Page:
Shares are for life, not just for Christmas: Long-term investing in shares

 In Investing

July is an exciting time of year for us at Finance Women. As the beginning of the financial year, it is a time to look forward and potentially launch into new endeavours, financial and otherwise. Investing in shares is a great way to make our money work harder for us, and now is a fantastic time to look into developing a share portfolio as the ASX/Russell Long Term Investing Report has just been released.  This report always gives us a good idea of how the share market is trending, which in turn allows us to make informed choices about how we invest our money. One of the reasons we love this report is that it shows us – in real terms – how the long-term approach to investment almost always gives better returns than other methods of investment.

Share patterns

Quite often, all that many of us hear about shares is what we catch at the end of the news, and too often the phrase “…today, shares dropped to…” is uttered, which is hardly reassuring. Constantly hearing about rises and falls can make the share market seem highly unreliable, and leaves many feeling unsure about investing in such a seemingly unpredictable landscape. What you may not realise, though, is that these fluctuations are only a tiny pattern in a much larger picture, and that overall, the long-term investment market in Australia is remarkably healthy.

Let’s take the time before December 2015 as an example.

1 year shares: nothing to get excited about

During the year from December 2014 to December 2015, investment returns fluctuated wildly, but essentially they evened out so that by the end of the year, shareholders found themselves with the same amount of money as 12 months earlier. Now, in some situations, one might say that it would have been better to put that money into a term deposit, which would have given a return of at least 3%. After all, the shares didn’t lose any money, but they didn’t really make any money either. However, one year isn’t long enough to accurately gauge the success of a share investment. If we look back twenty or even ten years, we can see a very different, much more positive picture emerge.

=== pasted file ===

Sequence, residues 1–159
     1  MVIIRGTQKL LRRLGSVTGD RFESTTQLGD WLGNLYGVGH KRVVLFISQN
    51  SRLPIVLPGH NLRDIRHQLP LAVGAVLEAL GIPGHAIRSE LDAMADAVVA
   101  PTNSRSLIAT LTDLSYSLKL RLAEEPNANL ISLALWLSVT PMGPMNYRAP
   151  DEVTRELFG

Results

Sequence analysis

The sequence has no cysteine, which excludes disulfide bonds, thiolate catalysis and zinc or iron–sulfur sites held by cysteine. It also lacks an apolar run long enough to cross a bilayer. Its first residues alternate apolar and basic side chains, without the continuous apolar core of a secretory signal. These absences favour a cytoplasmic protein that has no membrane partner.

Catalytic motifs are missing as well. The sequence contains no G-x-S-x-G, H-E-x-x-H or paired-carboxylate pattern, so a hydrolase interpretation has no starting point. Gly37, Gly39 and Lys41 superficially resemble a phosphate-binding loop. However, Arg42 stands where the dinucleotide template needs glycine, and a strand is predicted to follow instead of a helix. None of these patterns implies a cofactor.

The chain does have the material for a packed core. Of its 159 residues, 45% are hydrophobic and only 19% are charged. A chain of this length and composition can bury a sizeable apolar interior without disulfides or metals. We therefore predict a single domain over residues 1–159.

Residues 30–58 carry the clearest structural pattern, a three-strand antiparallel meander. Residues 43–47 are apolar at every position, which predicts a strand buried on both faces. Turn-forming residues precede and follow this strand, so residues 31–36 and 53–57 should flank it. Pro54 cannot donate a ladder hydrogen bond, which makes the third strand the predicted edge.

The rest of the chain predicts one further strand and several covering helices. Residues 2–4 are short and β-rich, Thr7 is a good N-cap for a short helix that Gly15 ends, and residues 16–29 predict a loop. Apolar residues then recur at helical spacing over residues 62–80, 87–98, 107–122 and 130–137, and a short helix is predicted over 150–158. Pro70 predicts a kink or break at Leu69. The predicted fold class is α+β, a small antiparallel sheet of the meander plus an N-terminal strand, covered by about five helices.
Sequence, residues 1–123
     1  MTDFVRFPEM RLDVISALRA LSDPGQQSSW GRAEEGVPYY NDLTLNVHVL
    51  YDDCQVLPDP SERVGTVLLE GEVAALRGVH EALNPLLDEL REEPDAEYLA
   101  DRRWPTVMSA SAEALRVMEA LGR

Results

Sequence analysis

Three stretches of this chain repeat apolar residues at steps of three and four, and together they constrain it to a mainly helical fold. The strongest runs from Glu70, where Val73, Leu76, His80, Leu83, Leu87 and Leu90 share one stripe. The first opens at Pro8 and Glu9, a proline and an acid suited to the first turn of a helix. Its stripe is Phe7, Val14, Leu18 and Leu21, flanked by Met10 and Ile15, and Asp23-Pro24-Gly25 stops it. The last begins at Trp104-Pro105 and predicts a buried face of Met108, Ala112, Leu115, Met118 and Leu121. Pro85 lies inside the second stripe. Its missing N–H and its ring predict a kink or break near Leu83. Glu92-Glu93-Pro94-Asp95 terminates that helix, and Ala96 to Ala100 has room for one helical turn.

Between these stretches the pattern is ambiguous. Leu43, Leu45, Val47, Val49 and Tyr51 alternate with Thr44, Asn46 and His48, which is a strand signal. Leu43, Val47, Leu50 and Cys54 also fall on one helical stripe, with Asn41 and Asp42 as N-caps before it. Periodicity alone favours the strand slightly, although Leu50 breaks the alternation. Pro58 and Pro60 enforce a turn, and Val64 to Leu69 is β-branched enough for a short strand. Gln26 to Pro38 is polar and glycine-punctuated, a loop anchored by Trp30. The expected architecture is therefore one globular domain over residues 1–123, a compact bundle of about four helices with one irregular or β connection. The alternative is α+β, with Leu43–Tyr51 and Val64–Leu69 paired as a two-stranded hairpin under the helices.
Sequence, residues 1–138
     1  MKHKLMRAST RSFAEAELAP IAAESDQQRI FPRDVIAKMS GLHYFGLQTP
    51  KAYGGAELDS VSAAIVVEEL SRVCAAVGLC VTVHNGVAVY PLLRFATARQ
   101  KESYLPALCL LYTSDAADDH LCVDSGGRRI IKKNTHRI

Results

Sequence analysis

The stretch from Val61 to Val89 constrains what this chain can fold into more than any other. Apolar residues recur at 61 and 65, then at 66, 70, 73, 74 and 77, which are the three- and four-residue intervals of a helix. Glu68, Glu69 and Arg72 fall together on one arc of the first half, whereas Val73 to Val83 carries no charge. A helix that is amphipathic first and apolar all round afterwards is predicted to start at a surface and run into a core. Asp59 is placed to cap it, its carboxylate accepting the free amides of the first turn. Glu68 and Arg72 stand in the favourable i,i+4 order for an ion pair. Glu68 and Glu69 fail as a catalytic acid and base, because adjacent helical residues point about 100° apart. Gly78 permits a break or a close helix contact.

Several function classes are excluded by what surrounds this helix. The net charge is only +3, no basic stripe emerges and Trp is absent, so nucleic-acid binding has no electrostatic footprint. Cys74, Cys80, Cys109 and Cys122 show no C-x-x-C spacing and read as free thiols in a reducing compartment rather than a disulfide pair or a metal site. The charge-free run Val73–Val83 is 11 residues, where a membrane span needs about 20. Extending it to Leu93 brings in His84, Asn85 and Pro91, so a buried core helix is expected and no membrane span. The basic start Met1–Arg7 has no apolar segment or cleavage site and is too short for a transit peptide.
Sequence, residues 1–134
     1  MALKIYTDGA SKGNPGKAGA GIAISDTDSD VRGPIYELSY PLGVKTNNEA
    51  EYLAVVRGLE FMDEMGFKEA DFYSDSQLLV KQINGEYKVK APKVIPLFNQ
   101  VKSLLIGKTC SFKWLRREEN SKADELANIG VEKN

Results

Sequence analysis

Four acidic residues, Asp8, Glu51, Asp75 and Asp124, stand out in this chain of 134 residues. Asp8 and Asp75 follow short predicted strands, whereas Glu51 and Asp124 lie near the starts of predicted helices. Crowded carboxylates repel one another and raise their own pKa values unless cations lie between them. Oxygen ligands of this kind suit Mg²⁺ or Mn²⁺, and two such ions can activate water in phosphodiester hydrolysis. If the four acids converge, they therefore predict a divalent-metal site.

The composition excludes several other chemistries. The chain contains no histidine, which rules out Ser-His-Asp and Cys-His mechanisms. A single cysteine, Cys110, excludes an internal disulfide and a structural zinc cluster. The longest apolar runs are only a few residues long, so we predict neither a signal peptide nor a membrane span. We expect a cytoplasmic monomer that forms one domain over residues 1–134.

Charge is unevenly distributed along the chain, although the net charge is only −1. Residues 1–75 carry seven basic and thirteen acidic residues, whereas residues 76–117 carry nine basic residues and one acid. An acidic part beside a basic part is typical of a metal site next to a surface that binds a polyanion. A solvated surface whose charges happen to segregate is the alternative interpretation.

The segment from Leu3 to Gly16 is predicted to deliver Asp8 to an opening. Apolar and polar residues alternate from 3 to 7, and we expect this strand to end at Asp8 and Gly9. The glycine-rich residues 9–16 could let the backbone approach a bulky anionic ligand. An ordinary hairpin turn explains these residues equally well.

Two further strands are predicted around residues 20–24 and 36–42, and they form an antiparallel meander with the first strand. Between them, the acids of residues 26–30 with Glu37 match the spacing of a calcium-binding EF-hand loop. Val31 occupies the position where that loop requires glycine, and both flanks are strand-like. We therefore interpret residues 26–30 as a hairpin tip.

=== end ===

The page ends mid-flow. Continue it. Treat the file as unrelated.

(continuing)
10 year shares: looking pretty good

Let’s now look back ten years: from December 2005 to December 2015. The average return on Australian shares was 5.5%, which is well above the inflation rate. This means that – even though the cost of goods and services increased over those years – the average long-term investor ended up with more money to spend on goods and services at the end of 2015 than they had in 2005. This is even accounting for the fact that the Global Financial Crisis happened in 2007-2008, which shows how strong the positive growth is.

This is the goal of long-term investment: to increase your overall ‘purchasing power’.

If we consider these figures in real, monetary terms, we can see that with an investment which returns 5.5% per year for ten years (providing the shares are left undisturbed for that time) compounds/gives a return of 70% for that period. If the initial investment was $100,000 in 2005, it was worth $170,000 at the end of 2015.

20 year shares: hard to beat

When we look back twenty years from December 1995 to December 2015, the picture is even better: the long-term rate of return for that period was 8.7%. This is even further above the inflation rate and means that the investor who was truly in it for the long-term became decidedly more wealthy. An investment returning 8.7% per year for 20 years compounds to a total return of 430% across that period. If we take the same example as before, and the initial investment was $100,000 in 1995, it was worth a staggering $530,000 at the end of 2015.

Benefits of long-term investing in shares

As you can see, the longer you invest in shares, the greater the ultimate return will be. History shows that there are few, if any, ten year periods over which the share market showed negative returns. This is why we always suggest that investments in the share market are best made for the long-term. Ten years is a good place to start, and if you can invest over even longer periods than that, it is well worth it.

If you are interested in reading the most recent ASX/Russell Report you can do so here. If you would like to discuss how you can use this report and its insights to shape your own investing, please give us a call, and we can help you set up your own long-term investment plan.

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